Women Freelancers Need to Start Charging More

 Thanks to the global pandemic, there has been a sharp rise in freelancing opportunities. But the good news comes along with a harsh truth. According to research, women freelancers are paid 19.5% less than men. With the recent rise in awareness about feminism, the gender wage gap is narrowing down in a few professions. But when it comes to freelance work, there is a big disparity between how much men and women are charging their clients. The problem gets worse for women of color.

Why do women charge lower rates than men?

While freelancing allows women to work on their own terms and conditions, and ask for their own price, there are many other factors that influence how much a freelancer can charge a client. Industry standards are definitely what dictates a freelancer’s rates. A woman can’t charge more money simply because she wants to.

A freelancer may set their own rates but it is largely influenced by clients and other industry professionals. If all other women are charging much lower prices than you are, you won’t get clients. They will simply hire other freelancers and get the job done.

Another big problem when it comes to women deciding their freelancing rates is psychological. Due to sociological factors, we women have not fully realized our potential, nor have we been given the opportunities for the same. In the face of sexism, we struggle to see the true value of our work and end up charging less because we don’t think we deserve more. This needs to change.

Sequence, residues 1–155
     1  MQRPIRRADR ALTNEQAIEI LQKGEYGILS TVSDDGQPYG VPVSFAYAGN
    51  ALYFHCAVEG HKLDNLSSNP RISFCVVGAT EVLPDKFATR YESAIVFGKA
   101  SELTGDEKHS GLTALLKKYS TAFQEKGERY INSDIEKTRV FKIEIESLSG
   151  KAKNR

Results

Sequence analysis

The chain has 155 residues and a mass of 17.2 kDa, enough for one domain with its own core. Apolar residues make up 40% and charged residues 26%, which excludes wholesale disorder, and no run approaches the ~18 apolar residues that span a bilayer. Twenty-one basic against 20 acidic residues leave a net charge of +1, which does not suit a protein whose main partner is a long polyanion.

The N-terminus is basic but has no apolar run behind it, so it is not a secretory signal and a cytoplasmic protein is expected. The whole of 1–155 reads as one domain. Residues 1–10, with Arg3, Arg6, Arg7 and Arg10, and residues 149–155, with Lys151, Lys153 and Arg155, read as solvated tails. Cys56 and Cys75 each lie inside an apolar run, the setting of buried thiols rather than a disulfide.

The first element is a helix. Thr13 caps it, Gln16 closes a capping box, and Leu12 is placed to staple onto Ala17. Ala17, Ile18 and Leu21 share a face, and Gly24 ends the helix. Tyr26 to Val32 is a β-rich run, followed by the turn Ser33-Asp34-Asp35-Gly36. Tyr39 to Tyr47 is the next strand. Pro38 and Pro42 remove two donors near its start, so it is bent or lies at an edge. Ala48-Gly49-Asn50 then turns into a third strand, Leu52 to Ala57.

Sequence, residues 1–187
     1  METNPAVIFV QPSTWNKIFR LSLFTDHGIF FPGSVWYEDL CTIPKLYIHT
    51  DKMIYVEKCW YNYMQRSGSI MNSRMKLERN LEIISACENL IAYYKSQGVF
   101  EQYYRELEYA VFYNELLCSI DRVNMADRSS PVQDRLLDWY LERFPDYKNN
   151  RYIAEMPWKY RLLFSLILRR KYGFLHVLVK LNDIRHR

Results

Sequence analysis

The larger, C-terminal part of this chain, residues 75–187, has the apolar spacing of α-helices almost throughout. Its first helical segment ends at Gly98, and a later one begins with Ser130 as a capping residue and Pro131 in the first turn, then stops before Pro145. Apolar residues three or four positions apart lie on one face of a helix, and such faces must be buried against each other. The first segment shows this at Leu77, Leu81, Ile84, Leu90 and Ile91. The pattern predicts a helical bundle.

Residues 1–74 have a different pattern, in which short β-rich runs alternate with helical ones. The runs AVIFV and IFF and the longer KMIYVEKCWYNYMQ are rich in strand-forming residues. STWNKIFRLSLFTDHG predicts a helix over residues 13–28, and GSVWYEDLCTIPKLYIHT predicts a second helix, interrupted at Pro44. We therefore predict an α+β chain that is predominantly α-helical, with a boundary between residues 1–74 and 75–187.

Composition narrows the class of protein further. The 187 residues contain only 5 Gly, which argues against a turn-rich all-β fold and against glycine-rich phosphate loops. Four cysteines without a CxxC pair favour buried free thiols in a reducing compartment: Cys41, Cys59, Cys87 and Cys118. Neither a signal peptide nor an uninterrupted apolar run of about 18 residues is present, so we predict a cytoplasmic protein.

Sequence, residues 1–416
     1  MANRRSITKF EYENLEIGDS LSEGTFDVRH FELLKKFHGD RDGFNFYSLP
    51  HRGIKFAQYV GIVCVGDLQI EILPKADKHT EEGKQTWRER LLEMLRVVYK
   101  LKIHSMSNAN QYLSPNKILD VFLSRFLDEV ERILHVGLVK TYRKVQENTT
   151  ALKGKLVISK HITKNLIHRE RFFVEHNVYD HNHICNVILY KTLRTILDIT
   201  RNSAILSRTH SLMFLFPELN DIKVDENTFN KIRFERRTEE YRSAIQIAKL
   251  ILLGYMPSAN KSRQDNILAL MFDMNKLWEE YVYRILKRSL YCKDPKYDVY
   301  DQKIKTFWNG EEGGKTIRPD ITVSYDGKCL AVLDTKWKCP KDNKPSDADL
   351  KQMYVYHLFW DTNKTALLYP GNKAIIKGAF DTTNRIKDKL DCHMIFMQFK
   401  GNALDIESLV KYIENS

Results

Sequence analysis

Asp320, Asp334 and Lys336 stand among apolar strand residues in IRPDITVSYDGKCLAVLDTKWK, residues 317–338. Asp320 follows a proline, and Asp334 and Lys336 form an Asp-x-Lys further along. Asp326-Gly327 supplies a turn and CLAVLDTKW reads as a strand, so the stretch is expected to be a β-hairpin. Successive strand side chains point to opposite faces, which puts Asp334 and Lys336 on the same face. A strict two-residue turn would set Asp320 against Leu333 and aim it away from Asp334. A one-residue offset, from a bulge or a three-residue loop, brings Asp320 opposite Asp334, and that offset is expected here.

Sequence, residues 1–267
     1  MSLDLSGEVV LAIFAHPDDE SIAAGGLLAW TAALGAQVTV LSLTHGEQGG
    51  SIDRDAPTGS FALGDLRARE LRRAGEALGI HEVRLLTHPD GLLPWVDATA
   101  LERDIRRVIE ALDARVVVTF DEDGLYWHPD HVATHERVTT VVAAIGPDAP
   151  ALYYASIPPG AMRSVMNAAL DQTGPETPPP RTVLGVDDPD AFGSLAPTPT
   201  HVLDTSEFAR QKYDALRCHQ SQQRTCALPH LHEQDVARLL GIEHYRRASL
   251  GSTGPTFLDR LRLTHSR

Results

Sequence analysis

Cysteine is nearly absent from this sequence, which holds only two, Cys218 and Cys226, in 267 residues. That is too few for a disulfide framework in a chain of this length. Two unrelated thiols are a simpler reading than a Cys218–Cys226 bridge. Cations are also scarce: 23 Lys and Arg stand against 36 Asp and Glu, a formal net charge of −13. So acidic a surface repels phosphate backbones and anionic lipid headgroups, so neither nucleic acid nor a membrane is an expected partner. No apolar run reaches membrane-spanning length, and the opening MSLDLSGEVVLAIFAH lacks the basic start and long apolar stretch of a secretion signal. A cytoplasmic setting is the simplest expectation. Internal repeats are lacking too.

Other problems women face

The freelance world is lucrative but there are some very big disadvantages that come with this profession. Freelance allows us to be our boss but without HR, it can still be a problem. Our clients can treat us poorly and we can’t report it to anyone. Also, freelancing jobs come without any employee benefits. For example, women don’t get maternity leave. If they are planning to take a long leave, they have to save up in advance to survive.

If you’re a freelancer, it is very likely that you’ve been asked for a discount on your work. Someone might have even asked you to work for free in exchange for “exposure”. It’s not uncommon to hear when a freelancer hasn’t been paid for their work. From talking to other women freelancers, I have noticed that more of my women friends have been asked for discounts than my men friends. I have also noticed that clients ask for more revisions from women freelancers as compared to men. It’s hard to ignore how women freelancers are treated differently than their male colleagues.

Women in developing nations

When it comes to addressing the gender wage gap, much of the conversation revolves around women in countries like the US, UK, Canada, Australia, New Zealand, and Western Europe. It’s almost as if women in other countries don’t even matter. But the problem in these countries is much worse.

India is one of the countries with the largest economic gender gap (32.6%), and only 22.3% of women are engaged in the labor market (Source). In Mexico, women were paid 18.8% less than men in 2019 (Source). In 2017 in Iran, women comprised just 19% of the paid workforce with seven percent growth since 1990 (Source).

Women in developing nations have to overcome huge physical, sociological, and even religious barriers to find work. They are not given the same educational opportunities as men which is why they struggle to find suitable job opportunities. And when they do find job opportunities, they are not paid similar wages to that of their male colleagues.